Iambs and Trochees

IAMBICS:

Until
the world
returns
to sane,
I will
not fail
to write.

These words, though just
small things, can burst
through walls; there must
be words of peace.

Inside my head the world
is pure, and thoughts, like rain
that falls to earth in spring
can cleanse the hearts of men.

To me, there is no better act
than this: to heal the wounds of hate
by writing of the joys of life
to feed the hungry soul’s delight.

Upon the page these words seem small and weak,
but in their pale disguise they hide a strength
that breaks the bonds of man’s insane desire
and lifts aspiring minds above despair.

How can these words release the world from strife and woe?
With what strange force does language steel our broken hearts?
A glimpse of hope for future times — strong poet stock
that with their arts, seek beauty and forsake the dark.

Perhaps it is just wistful whimsy, still it could yet come to pass
that the bold rhetoric of failure is replaced with song
and some new speech of love and beauty may dethrone the damned
expression of the cynic’s pen, and rule a juster race.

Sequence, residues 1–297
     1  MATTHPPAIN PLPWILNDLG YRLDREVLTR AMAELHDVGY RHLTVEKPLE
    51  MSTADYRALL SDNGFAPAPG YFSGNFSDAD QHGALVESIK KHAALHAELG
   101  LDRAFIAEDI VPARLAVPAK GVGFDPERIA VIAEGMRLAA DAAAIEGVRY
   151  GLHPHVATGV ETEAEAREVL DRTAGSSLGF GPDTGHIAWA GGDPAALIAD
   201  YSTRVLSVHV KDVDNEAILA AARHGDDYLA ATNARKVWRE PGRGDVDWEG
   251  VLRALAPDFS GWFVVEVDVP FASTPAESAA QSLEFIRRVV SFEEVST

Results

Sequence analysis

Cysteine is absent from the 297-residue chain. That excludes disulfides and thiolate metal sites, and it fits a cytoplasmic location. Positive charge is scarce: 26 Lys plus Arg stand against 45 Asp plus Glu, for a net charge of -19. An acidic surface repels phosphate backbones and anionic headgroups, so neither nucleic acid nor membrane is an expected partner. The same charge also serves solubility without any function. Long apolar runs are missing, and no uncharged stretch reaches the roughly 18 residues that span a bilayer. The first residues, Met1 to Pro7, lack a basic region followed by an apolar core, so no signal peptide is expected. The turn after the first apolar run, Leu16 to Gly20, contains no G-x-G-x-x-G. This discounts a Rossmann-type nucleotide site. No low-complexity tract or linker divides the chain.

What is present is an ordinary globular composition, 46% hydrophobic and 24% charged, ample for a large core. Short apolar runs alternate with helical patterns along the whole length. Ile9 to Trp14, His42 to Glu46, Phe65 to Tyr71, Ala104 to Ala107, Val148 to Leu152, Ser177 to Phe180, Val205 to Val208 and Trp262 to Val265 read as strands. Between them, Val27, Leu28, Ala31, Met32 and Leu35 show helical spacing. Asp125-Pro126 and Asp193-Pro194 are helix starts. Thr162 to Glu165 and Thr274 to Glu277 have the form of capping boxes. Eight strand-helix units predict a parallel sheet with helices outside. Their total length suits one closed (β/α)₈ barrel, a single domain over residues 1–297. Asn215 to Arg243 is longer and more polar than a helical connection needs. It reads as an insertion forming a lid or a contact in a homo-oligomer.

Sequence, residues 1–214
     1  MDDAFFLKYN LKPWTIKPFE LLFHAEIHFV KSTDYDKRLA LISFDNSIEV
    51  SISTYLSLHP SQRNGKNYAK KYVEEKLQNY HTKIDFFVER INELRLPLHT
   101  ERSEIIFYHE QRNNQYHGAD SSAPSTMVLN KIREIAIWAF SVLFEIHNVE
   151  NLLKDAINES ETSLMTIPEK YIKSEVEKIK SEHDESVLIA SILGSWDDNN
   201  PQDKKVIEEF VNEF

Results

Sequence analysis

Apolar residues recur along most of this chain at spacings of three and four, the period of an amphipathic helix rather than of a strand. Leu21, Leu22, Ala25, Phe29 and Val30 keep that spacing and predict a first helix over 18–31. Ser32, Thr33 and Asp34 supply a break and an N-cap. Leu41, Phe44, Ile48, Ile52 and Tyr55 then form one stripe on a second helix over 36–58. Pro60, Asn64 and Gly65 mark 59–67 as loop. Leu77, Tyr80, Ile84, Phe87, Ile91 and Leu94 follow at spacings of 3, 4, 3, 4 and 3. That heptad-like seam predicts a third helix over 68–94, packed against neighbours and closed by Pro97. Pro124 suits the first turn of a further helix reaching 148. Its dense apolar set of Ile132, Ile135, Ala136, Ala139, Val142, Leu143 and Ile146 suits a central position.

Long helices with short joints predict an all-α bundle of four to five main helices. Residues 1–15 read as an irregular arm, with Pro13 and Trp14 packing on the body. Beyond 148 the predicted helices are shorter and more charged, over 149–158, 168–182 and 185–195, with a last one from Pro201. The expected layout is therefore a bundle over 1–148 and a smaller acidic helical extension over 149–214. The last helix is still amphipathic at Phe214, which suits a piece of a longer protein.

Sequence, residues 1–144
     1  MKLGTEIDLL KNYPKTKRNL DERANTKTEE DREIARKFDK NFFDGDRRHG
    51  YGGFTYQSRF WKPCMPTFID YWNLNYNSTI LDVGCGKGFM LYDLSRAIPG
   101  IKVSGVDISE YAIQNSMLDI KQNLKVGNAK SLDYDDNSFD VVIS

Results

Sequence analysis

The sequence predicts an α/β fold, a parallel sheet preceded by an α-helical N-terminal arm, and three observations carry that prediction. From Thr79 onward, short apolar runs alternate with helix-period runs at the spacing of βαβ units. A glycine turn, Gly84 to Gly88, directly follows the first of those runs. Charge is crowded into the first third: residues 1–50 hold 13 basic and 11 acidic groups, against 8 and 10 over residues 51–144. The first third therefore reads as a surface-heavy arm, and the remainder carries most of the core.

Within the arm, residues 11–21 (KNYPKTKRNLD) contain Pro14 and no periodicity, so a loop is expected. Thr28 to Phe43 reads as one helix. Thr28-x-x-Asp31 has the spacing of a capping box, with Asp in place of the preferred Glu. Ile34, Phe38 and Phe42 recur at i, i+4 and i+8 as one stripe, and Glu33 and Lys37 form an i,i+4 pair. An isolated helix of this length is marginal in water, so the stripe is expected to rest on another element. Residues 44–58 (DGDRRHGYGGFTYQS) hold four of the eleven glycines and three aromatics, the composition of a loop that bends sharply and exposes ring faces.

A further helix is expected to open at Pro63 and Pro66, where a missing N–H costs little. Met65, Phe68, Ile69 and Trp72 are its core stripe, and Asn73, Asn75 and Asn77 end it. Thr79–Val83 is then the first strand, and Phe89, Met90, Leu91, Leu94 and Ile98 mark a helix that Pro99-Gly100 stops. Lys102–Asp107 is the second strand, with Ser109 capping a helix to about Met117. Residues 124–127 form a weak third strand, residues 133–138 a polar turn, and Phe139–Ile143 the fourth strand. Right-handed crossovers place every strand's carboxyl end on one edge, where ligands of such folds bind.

TROCHAICS:

Quiet.
Can you
Hear that
Sound?

Pound the drum, and
Light the signal
Fires! Tonight we
Fight for freedom!

On the field of valor
we shall triumph over
all that come to meet us.
Can you taste the glory?

Never mind the pain and bleeding
Suck it up and just keep swinging
Listen, if you stop, you’ll hear it —
Celebration for the victors.

Find your rhythm and stick to it bravely
Cowards never taste of life so fully
Just remember all your children growing
They shall take your torch and keep it burning

Don’t cry out, the enemy is drawing nearer
Bite your sword, the metal will revive your spirit
Give me your long knife, I’ll cut your tunic from you
And your family seal, I’ll give to your proud widow

They will toast your deeds there by the hearth fire’s glowing embers
Your young sons will lift aloft your bloody battle armor
History will keep your name alive and in our myths and legends
Longer than the seas are wide, until the mountains crumble.

17 AUG 2003

This week (and for the next few weeks) the emphasis is on rhythm. The exercise was to write a poem using iambic feet, with each successive stanza adding an additional foot (first stanza, monometer, last stanza, heptameter).

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